I don’t do ‘heroes’. But the closest I ever came to one was Tony Benn, who sadly passed away today.
In 1996 I had the privilege of meeting the man. At New Internationalist we were embarking on a magazine about class. I had been badgering my fellow workers to do an issue on the subject for a couple of years. Eventually, David Ransom, one of our editors at the time, was keen to take it on and suggested to me I join him in putting it together. As a ‘non-editorial’ graphic designer this was an unusual step but I was thrilled and didn’t hesitate in accepting the offer.
One idea David had was for me to contact people who might be interested in offering their thoughts on the issue of class. We sat down and formulated a list, and thought it might be most interesting to start with people who had, like myself, started out working class but had moved into the middle class: upwardly mobile, as it were. Some interesting names cropped up: comedian Lenny Henry (who in fact, for a short time, had worked at the same factory as me in Dudley, West Midlands, way back when); Ray Davies of pop group the Kinks; author Barry Hines (who wrote Kes) and others. None of them, apart from Barry Hines, deigned to meet me, but when I wrote to Tony Benn (who interestingly had made himself ‘downwardly’ mobile when he famously relinquished his peerage to enable him to remain an MP) I had a reply the following day inviting me to meet him at his home in London.
Armed with tape recorder, I knocked on the door of his house in Holland Park. His secretary showed me to a room in the basement of the building, I sat down and waited. The room was heaving with books and papers but also mugs and miners’ lamps, banners and pictures.
A few minutes later, in walked Mr Benn – carrying two mugs of piping-hot tea. We shook hands and, placing a tape recorder on the table, he informed me politely that he would also be recording the meeting. I knew, of course, that he was a great chronicler (I had all his diaries and books) and would have expected nothing less. He also informed me that we only had half an hour as he was expecting a German film crew who wanted to do a documentary on him. He lit up his pipe and we began.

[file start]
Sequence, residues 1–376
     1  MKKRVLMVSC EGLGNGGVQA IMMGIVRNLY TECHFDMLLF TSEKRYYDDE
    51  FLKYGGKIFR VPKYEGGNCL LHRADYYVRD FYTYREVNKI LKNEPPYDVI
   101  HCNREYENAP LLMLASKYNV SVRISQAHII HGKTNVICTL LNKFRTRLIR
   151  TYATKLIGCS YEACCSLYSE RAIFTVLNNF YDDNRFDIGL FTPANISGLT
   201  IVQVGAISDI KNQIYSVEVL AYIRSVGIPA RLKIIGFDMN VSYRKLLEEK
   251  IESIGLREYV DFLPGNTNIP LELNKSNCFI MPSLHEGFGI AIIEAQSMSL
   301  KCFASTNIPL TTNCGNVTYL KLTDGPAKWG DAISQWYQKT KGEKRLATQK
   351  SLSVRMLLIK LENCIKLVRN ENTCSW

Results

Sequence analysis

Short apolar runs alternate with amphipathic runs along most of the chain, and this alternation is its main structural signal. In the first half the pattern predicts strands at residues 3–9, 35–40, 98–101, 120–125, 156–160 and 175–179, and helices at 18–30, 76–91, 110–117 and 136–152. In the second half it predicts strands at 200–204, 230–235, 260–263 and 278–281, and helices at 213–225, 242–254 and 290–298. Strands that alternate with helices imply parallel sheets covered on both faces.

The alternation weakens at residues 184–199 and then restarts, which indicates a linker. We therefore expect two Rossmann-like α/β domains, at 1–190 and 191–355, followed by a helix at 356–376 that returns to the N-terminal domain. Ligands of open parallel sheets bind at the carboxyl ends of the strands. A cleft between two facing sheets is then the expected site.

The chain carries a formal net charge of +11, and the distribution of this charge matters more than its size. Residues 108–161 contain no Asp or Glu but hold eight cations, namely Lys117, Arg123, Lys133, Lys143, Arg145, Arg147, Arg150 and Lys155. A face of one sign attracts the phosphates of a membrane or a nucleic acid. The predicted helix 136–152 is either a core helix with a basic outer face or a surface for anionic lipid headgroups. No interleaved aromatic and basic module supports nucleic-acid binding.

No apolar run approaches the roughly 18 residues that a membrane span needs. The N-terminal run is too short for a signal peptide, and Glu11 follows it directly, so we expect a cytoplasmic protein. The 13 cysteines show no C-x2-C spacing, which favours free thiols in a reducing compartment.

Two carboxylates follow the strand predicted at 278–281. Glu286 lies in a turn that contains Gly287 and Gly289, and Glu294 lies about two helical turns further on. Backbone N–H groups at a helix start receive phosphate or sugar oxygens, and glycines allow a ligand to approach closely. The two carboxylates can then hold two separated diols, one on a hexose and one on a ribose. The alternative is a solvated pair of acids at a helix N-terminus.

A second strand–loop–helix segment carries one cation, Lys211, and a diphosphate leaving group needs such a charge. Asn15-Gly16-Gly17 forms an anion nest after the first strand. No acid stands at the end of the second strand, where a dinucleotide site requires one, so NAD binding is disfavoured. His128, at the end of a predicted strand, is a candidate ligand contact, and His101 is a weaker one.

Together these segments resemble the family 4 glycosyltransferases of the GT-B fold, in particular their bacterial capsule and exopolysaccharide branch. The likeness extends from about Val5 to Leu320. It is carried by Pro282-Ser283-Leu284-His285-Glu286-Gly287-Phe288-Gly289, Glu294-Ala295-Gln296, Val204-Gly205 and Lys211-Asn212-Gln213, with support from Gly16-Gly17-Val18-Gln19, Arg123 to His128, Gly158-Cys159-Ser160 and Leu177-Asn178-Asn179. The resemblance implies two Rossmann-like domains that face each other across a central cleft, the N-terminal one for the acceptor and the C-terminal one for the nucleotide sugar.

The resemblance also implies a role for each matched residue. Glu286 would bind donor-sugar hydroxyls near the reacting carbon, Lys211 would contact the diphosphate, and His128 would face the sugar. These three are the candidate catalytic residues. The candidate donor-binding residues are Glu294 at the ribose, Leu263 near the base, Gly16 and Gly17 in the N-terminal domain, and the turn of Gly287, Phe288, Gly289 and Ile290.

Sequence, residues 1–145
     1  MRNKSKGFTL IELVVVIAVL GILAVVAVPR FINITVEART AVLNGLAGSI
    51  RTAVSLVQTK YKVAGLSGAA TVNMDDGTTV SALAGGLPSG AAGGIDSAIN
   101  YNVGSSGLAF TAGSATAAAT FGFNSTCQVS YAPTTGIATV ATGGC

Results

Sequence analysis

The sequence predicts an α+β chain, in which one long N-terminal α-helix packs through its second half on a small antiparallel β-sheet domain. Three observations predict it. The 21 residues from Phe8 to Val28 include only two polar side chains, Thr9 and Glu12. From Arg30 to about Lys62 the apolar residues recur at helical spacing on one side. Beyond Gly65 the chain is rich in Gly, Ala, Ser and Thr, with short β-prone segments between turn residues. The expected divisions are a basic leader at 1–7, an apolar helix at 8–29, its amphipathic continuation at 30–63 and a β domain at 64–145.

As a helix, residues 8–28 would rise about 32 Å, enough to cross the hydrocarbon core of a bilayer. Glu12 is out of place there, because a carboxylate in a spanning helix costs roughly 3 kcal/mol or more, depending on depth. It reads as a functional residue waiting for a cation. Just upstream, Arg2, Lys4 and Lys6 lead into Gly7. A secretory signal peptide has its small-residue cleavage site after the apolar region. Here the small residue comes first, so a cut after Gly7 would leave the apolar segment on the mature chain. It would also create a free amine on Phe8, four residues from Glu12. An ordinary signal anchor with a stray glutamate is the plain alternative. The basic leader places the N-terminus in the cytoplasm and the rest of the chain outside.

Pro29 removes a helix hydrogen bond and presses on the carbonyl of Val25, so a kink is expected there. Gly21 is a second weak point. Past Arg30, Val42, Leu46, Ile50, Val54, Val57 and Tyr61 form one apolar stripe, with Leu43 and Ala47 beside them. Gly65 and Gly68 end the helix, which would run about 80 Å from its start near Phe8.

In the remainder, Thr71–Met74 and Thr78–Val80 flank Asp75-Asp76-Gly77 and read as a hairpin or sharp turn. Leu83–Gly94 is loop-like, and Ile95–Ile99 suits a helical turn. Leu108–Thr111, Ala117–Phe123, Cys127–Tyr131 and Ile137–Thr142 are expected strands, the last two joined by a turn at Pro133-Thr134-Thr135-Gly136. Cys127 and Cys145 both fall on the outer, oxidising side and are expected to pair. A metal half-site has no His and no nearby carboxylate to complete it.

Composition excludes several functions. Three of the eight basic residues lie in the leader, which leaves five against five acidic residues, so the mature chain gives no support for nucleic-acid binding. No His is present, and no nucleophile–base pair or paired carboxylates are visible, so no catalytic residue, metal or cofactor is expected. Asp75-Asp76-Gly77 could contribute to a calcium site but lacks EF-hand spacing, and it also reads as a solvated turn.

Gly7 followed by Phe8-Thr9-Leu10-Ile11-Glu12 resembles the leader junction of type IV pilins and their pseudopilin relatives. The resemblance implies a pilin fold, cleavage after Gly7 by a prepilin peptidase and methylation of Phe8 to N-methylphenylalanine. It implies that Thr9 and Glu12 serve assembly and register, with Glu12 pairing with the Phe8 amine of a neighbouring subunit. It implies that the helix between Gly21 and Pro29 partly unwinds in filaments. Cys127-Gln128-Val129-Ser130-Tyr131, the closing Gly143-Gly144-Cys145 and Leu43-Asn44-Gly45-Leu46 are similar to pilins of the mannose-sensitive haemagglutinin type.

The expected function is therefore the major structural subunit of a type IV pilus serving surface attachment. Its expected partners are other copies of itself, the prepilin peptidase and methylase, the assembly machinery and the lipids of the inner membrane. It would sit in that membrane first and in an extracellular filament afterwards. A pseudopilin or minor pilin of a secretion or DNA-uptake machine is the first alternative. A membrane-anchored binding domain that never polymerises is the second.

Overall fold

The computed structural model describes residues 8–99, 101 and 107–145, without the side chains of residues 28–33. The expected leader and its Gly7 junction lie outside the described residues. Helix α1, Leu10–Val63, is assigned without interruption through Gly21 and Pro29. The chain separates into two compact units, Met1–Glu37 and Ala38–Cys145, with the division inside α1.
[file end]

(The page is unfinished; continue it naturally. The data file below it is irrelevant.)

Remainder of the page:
He answered all my questions kindly, seriously and patiently, and at no time did I get any sense that he considered himself a ‘celebrity’ of any kind (he was, after all, probably one of the most famous politicians in Britain at the time). He clearly truly cared and was passionate about his beliefs and his socialism, and for one short half-hour he was focused on my interview with him. The task at hand.
When it was all over, we shook hands – the German film crew were hovering at the door – and I thanked him for his help. The interview appeared in the magazine (after several approvals from Mr Benn, who had patiently agreed to my brutal, but necessary, cuts to the text). I was as proud of that as anything else we did in the issue.
A few years later, I put together a website containing images of working people taken by my dear friend Nick Hedges. I wrote to Tony Benn asking if he would kindly give us a quote to use on the homepage. Without hesitation he agreed.
But perhaps the real measure of the man was a kind gesture he made after the interview in 1996. I had recently become a father for the first time – a bonnie, beautiful daughter. I had happened to mention this, in passing, to Mr Benn at the interview. A few days later I received a note from him – on House of Commons letterheaded paper – wishing us all the very best. He signed it simply, Tony.
Tony Benn devoted himself to helping others and sought to change the world for the better. He will be greatly missed. And the world is a poorer place today.